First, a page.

screen printing

How Does Screen Printing Work?

Screen printing is everywhere. This relatively inexpensive technique makes bold, beautiful, permanent artwork adhere to many materials. It might be a simple, monochromatic shape or a brilliant mosaic of color. The options are endless. You might own something screen printed but still now know the craft behind it. And, you might be surprised at the skill it takes to make something as commonplace as your favorite T-shirt!


Screen Printing is Not Just for T-shirts


True, t-shirts and ball caps are some of the more popular kinds of apparel with screen printed images. Today, you can get almost anything with screen printed images on them. Sweatpants, yoga pants, backpacks, shorts, can all get a design, business branding or a fun message printed on them. The inks are usually color-fast, which means they resist fading. The print also is very flexible and stretches with the fabric, adding to the durability.

Swag or Trinkets

These are those inexpensive items that are often given out at trade shows, corporate events or anytime you meet with a sales department. Often ordered in high quantities, these little items are given with the goal of keeping a brand’s logo or message in front of a potential customer as much as possible. From pencils and keychains to battery chargers and golf balls, there is a wide range of ways to print logos on physical items.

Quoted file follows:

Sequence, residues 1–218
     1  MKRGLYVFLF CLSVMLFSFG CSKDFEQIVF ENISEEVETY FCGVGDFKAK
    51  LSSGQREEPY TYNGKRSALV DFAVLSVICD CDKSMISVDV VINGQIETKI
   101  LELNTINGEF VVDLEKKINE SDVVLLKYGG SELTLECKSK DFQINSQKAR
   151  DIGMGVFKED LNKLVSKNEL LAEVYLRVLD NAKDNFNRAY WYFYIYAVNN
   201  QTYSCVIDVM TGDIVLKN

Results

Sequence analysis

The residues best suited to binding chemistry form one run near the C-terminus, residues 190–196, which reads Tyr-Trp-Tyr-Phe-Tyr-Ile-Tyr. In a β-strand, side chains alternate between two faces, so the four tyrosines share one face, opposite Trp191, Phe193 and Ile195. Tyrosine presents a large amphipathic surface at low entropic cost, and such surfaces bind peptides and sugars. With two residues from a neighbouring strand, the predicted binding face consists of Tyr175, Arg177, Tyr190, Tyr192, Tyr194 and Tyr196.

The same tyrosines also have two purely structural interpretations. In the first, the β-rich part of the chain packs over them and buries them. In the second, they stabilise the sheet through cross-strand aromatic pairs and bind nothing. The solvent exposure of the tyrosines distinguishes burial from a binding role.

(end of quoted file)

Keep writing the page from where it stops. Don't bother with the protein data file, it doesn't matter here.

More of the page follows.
High-End Art Prints

If you call it a serigraph, you can make screen printing sound a lot more valuable. Although the process may be far more complicated, with high-resolution images and far more passes of ink, the basic ideas are still the same even when a fine art print is being made. If you are familiar with the work of Andy Warhol you’ve seen screen printing that has impacted the culture and is often considered “artwork.”


The Process

The steps for making screen printing artwork are very basic and can even be done by small children for a fun craft activity. From the simple, you can build in more complexity.

Create the Artwork

The first step is to figure out what you want to print by making some artwork. If you begin with a one-color print, you’ll want to do a design that uses only one color. Thick, bold, black markers on paper might be a good idea. You can also design by going straight to the mask, designing with the masking materials that we’ll cover in the next steps.

Prepare Art for Printing

If you want more than one color, you will need a line art image that represents every color separately. These are called color separations. Line art means that the prepared image is all the way black or all the way white with no gray tones in between. To get values between full black or white, you create dots, or lines to provide shading. If you have seen an old newspaper or comic book image, you may have seen the characteristic regular dot pattern used for this purpose called a half-tone.